“Requiring pre-authorization for medically necessary abortions will affect my ability to care for my patients and put their lives at risk,” Miller said.
Lori Morgan said she got pregnant in 2002 as a student at Montana State University and a Medicaid patient. Because she was over 30 years old, she underwent genetic testing, as advised.
In that procedure, she said the needle went the wrong way, and her baby died. But Morgan said she didn’t know until she went for a checkup at 20 weeks.
“There was no heartbeat, and they informed me that the baby had died,” Morgan said. “It was a very, very sad, shocking time.”
She said women and their doctors should be the ones making decisions, any barrier between them would be unethical, and they should not have delays.
She said she was grateful to be able to receive a late-term abortion.
“I can’t imagine carrying this fetus until I had to give birth to it,” Morgan said.
Safron Britz, offering testimony through a proxy with All Families Healthcare, said she made the difficult choice to have an abortion during a terrible time in her life.
At a very young age, she had a son, she said.
“It was an incredibly traumatic experience for me, feeling forced, violated, never given a choice about any part of it,” she said.
Later on she received a positive pregnancy test, and it was a trigger, she said. She was already in a deep depression and unemployed.
“To say the timing wasn’t right is an understatement,” Britz said. “In my current state, I was not fit to mother another child.”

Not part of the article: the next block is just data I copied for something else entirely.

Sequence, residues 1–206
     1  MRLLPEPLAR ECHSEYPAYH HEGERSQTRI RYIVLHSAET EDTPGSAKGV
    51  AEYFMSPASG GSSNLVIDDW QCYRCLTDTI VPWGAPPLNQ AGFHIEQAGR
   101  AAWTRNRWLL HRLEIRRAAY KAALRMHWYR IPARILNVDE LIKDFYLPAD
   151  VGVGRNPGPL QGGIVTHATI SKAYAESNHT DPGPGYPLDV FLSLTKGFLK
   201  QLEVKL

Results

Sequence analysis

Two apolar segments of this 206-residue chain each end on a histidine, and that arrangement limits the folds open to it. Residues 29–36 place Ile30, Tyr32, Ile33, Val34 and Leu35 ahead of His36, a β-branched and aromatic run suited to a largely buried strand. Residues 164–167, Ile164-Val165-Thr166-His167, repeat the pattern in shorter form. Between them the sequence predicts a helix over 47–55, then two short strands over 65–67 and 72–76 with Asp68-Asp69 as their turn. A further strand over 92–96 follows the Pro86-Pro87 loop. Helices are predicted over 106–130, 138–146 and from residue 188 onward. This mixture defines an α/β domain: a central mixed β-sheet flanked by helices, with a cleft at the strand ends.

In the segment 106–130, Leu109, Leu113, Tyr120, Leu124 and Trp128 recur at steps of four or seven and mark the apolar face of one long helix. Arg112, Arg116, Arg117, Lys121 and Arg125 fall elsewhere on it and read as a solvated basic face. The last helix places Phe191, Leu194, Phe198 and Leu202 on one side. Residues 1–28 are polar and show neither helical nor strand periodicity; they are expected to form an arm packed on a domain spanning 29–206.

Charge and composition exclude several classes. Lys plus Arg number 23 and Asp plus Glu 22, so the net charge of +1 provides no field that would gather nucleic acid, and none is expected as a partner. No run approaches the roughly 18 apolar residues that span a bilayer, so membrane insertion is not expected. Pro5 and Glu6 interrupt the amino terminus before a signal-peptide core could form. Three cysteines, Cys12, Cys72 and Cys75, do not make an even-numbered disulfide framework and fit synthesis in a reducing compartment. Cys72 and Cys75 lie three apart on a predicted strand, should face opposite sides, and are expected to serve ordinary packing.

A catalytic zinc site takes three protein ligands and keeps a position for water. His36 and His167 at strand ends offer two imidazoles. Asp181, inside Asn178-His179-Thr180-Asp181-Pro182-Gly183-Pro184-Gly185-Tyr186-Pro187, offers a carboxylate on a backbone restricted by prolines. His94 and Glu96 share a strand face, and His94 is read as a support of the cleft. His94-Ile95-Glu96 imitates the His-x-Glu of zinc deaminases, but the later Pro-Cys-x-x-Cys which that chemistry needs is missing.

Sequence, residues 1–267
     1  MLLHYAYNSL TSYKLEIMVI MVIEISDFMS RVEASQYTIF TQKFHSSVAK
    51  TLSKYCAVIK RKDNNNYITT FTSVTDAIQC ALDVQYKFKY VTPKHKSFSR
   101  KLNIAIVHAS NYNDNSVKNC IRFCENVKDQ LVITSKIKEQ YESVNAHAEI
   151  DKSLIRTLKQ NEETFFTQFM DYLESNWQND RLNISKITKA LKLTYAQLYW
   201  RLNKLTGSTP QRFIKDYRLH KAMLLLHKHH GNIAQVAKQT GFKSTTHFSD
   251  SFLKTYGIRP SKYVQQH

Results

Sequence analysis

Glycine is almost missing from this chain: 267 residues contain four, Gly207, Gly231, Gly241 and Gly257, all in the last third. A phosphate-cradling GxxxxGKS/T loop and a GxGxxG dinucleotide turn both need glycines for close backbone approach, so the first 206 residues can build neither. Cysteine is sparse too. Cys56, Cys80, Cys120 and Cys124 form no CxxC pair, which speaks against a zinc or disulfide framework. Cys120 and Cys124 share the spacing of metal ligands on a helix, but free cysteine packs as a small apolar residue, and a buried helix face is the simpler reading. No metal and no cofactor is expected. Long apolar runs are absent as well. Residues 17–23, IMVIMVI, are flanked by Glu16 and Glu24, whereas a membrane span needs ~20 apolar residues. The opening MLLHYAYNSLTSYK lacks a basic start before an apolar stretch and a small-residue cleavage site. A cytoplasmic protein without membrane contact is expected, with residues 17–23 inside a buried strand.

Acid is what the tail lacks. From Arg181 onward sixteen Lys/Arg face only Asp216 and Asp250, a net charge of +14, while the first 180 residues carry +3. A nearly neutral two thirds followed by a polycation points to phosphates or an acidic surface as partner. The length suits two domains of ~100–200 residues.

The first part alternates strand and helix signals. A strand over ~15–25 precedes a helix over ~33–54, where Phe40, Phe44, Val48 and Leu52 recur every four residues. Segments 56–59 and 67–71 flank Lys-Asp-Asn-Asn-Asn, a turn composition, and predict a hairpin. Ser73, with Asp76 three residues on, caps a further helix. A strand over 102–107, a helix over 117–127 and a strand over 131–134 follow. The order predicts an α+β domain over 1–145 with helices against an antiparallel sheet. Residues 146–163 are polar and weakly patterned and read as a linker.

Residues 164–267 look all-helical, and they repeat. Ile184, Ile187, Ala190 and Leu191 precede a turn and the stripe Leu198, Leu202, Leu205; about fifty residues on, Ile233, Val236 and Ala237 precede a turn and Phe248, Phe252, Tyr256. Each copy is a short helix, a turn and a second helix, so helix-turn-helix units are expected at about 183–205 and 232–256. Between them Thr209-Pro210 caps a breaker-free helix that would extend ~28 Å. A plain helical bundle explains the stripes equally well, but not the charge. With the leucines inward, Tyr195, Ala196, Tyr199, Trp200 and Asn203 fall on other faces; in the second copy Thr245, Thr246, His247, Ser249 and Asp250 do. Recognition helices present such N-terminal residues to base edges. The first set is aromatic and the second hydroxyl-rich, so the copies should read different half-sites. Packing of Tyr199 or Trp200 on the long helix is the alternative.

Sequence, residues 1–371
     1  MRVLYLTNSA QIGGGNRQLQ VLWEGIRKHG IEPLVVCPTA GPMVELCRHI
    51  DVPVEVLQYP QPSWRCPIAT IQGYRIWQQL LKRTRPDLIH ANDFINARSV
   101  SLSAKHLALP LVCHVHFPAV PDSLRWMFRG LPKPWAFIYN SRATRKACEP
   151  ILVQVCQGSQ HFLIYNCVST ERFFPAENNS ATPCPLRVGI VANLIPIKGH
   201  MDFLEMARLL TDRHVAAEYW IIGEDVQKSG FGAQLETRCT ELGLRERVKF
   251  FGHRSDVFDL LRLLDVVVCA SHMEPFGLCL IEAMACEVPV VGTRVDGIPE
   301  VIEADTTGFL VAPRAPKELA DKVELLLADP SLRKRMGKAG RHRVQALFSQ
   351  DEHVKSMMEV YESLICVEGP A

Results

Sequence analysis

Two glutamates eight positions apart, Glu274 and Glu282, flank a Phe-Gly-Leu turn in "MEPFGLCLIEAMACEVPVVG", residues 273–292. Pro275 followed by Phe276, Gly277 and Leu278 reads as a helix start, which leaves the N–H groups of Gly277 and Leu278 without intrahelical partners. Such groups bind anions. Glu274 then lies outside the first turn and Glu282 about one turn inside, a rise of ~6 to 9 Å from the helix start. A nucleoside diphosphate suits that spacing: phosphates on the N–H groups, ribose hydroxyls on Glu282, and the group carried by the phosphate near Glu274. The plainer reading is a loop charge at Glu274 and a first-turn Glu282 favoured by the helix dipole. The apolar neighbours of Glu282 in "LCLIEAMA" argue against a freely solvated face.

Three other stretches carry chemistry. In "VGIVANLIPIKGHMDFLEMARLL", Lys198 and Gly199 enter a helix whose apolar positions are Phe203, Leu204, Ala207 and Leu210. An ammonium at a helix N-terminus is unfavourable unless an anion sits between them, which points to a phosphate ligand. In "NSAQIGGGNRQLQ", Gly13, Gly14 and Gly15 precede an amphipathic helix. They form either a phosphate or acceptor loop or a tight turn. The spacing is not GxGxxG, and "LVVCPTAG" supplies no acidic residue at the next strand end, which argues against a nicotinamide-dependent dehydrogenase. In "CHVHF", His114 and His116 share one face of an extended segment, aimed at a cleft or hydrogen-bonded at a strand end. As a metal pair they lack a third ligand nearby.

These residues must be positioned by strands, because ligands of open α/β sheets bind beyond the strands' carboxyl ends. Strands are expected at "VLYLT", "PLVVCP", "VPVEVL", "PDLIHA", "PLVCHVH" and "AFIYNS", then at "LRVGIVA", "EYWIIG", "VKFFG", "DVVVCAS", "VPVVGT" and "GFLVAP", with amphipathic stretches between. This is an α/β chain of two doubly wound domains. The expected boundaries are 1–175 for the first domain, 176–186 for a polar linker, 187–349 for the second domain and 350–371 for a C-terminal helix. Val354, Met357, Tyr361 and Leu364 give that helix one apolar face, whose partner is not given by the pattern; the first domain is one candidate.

She said she was grateful her abortion was covered by Medicaid. She might not have been able to find the funds herself, she said, and she believes the story would have played out differently without Medicaid coverage.
“I’m glad I didn’t have to choose between keeping the lights on or risk eviction over having an abortion,” Britz said.
On the other hand, she said if she hadn’t been able to get an abortion, she would have used Medicaid for prenatal care, birth and extensive therapy — at a much greater cost to the program.
“I do hope this continues to be an option and Montana continues to support women’s needs and rights,” Britz said.
Helen Weems, a nurse practitioner, abortion provider and owner of All Families Healthcare, said stories such as the one Britz shared are familiar.
If the Health Department changes the rules, she said pregnant people will be forced to bear and raise children they don’t have the physical, emotional or financial capacity to raise.
Weems said research shows abortion bans increase health and economic disparities, and denying an abortion results in worse outcomes for patients and children.
“Not only is forced pregnancy and childbirth cruel and inhumane, it goes against the mandate of Montana Medicaid to provide necessary medical services to those in need,” Weems said.
Under the proposed changes, abortion providers who are nurse practitioners, such as Weems, physician assistants, and nurse midwives would not receive reimbursement, only physicians would.
Charlotte Creekmore, a family nurse practitioner, said she was “shocked and alarmed” at the proposed restriction on providers such as herself. She isn’t supervised by a physician, she said.
She also said she believes people’s health care information is confidential to them, and the changes would be costly and unethical. She said she sniffed a political agenda when she read the rule.